Interesting article in the New York Times this week entitled Today’s Girls Love Pink Bows as Playthings, but These Shoot, about the rise of weapon toys for girls in the brave new Katniss / Merida world. As the writer slightly wearily points out, “it’s the same type of toy that has been marketed to boys for years, except these are mostly purple and pink.” Several manufacturers have brought or are bringing out versions of their ‘boys’ toys for girls, including Hasbro and Zing with its Air Huntress line.
The Nerf Rebelle isn’t even really a bow, of course – it’s more like a vertical toy crossbow. There is also an actual crossbow and a multi-barrel sci-fi gun, all firing soft ‘nerf’ slugs. You can get an extensive, dissembling insight into how these things are actually marketed at the blog My Last Dart:
The Air Huntress is essentially a pink version of the same toy for boys. You can even see the two side by side here:
From the NYT:
Barbie, ever pretty in pink, has naturally gotten into the act with a Katniss doll that slings a bow and arrow in authentic brown. The action figure shelves at toy stores now display a Black Widow figure (modeled after Scarlett Johansson) alongside the new Captain America…. All of this is enough to make parents’ — particularly mothers’ — heads spin, even as they reach for their wallets. While the segregation of girls’ and boys’ toys in aisles divided between pink and camouflage remains an irritant, some also now wonder whether their daughters should adopt the same war games that they tolerate rather uneasily among their sons. The Rebelle line was introduced last summer, and a dozen more of the toys are on the way this year.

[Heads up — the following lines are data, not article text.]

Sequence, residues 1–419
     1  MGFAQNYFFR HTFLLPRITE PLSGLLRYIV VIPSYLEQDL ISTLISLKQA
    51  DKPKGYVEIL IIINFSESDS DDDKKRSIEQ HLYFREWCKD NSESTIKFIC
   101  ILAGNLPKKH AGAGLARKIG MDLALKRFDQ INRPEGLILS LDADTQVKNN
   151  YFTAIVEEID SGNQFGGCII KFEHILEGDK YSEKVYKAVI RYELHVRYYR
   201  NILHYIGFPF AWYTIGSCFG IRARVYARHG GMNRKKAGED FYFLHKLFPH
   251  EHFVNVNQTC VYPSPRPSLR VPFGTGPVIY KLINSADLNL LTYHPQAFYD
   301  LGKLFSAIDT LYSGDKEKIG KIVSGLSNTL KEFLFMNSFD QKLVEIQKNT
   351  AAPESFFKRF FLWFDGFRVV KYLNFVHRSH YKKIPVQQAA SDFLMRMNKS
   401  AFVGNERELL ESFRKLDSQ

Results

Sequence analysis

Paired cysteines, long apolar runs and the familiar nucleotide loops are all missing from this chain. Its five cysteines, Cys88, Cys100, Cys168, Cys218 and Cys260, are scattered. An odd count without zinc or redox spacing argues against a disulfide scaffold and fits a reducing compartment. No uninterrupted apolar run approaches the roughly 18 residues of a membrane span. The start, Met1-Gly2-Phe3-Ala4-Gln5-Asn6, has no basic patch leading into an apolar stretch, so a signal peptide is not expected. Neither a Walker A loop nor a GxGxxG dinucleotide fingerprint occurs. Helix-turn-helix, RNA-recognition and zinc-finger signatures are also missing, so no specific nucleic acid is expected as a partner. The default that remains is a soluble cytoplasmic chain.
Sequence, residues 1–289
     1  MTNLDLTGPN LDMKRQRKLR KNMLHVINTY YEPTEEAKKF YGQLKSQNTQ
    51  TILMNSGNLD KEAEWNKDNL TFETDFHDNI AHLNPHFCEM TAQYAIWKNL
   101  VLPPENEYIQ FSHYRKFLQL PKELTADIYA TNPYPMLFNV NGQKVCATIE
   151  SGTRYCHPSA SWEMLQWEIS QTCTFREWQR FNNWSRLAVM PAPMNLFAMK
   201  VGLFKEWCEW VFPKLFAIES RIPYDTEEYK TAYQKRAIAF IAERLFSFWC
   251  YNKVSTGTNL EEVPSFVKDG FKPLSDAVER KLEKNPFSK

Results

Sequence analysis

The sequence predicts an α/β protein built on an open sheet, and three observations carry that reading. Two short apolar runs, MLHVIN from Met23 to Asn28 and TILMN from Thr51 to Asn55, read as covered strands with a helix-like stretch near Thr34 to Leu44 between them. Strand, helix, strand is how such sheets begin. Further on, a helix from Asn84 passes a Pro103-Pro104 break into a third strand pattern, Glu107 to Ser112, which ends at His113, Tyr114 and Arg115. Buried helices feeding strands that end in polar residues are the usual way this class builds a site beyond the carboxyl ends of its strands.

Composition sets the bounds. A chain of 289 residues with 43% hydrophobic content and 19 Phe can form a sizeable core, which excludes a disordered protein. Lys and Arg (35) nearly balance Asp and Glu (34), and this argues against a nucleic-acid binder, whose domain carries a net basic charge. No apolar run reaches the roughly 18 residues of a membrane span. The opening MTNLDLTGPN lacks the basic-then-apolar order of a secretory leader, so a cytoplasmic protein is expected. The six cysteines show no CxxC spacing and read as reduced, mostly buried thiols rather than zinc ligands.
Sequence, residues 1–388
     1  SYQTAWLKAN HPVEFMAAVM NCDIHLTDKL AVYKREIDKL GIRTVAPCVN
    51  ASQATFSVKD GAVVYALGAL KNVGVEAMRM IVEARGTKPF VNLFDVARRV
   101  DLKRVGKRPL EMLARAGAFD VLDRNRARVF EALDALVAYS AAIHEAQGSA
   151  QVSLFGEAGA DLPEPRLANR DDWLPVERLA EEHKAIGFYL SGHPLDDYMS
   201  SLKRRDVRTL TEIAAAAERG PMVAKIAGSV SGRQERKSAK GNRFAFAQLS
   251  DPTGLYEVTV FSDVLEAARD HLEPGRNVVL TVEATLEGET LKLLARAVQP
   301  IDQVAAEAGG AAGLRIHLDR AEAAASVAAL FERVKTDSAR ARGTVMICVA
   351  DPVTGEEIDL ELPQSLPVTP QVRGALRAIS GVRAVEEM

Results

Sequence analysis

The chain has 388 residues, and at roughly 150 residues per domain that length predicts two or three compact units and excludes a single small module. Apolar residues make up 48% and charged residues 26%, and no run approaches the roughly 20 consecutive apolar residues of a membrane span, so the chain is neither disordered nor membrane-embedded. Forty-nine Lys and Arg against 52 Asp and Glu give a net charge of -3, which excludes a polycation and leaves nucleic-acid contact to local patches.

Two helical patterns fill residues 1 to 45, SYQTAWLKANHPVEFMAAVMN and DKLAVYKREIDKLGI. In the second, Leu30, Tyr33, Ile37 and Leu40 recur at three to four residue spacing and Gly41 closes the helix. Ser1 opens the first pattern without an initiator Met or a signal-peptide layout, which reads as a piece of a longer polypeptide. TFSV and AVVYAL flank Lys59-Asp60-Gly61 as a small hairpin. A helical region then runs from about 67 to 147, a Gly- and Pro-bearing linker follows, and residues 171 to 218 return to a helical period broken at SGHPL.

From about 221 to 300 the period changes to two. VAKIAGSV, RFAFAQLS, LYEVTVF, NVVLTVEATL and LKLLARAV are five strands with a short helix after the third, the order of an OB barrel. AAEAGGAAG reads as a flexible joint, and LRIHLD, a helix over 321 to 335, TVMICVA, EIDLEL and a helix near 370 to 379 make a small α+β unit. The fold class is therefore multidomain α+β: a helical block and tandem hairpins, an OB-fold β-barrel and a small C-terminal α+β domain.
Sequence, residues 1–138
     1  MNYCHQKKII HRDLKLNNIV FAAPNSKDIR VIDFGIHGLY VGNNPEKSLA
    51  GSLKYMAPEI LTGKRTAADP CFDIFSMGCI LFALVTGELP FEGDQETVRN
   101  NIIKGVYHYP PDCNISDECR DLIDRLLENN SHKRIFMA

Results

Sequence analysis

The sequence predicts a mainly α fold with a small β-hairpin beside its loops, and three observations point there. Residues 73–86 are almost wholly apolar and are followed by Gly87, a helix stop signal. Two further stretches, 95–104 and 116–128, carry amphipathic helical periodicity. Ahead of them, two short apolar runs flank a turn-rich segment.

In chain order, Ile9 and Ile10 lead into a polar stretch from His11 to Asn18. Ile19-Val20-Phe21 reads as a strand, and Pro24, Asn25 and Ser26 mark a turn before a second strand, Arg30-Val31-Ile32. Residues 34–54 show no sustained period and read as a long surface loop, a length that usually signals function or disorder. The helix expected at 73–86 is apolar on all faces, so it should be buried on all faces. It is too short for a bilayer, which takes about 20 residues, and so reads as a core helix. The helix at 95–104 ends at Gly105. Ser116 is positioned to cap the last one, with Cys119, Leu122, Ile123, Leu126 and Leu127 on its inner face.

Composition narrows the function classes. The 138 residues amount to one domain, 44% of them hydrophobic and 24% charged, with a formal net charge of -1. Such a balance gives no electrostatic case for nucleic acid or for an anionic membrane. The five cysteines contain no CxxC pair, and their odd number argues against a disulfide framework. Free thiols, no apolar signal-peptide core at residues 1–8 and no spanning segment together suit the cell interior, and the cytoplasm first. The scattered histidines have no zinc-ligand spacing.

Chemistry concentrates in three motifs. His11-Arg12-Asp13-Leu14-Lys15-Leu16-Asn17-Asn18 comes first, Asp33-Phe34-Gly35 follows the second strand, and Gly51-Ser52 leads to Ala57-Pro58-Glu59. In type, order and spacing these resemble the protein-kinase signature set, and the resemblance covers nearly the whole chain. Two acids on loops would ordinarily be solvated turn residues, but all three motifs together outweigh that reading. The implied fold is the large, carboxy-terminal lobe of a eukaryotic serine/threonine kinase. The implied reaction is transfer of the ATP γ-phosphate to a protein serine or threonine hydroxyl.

“Basically, I’m a total hypocrite because it’s a weapon and it’s pink, but they really enjoy it and it’s something they play together,” said Robin Chwatko, whose 3-year-old daughter got a Nerf Rebelle a few months ago after coveting her 5-year-old brother’s Zing bow.
Sharon Lamb, a child psychologist and play therapist who teaches counseling psychology at the University of Massachusetts, Boston, says toys that stimulate aggression are healthy for children.
“I don’t see this as making girls more aggressive, but instead as letting girls know that their aggressive impulses are acceptable and they should be able to play them out,” she said.
But, she added, “What I don’t like is the stereotyped girlifying of this. Do they have to be in pink? Why can’t they be rebels and have to be re-BELLES? Why do they need to look sexy when aggressing, defending the weak or fighting off bad guys?” … At Zing, which started out making toys marketed only to boys, the idea for its Air Huntress line bubbled up from customers on sites like Facebook and Amazon — as well as employees who had read “The Hunger Games”.
Clearly, not much has changed in the toy world, or the retail sector in general, where ‘shrink it and pink it‘ remains the mantra for selling to American women. The manufacturers are, of course, merely responding to the cultural changes and their focus groups, and they aren’t going to start challenging stereotypes anytime soon. The actual benefits of actual archery for kids – discipline, control, confidence, strength – remain elusive with these plastic weapons. The difficult made easy. Still, for someone somewhere this might be a gateway to the real thing, and that’s still good.